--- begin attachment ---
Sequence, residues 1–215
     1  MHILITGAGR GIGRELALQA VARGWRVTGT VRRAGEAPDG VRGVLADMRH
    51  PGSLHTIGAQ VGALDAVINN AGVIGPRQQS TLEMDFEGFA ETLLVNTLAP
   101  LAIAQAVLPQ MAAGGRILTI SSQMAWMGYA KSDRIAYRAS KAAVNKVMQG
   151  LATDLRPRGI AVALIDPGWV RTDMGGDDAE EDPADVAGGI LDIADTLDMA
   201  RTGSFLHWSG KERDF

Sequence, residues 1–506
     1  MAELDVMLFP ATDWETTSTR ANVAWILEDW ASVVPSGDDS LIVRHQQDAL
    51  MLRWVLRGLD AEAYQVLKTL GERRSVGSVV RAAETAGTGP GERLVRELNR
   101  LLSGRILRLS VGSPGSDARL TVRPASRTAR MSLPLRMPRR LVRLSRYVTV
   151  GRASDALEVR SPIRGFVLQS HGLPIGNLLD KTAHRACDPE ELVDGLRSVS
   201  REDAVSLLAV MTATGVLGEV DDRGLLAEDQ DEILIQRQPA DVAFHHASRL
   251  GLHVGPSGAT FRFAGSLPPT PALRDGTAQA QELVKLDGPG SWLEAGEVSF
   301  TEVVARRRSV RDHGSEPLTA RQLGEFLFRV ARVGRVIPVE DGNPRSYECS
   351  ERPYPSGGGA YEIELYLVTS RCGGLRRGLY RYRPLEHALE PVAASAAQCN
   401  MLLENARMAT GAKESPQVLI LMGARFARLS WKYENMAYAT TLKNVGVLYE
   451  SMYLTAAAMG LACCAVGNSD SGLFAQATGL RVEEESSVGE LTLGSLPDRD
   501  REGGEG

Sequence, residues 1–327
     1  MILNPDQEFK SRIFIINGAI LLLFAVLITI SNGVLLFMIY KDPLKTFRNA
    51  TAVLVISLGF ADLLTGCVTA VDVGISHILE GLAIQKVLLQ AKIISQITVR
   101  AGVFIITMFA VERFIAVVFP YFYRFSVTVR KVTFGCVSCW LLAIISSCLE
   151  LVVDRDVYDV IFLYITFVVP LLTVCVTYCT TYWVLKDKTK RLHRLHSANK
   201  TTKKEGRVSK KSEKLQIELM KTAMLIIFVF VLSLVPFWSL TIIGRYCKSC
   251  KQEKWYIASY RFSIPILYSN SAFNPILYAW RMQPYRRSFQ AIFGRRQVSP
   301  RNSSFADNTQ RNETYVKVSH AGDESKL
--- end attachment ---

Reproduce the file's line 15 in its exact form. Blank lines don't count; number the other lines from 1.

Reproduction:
   351  ERPYPSGGGA YEIELYLVTS RCGGLRRGLY RYRPLEHALE PVAASAAQCN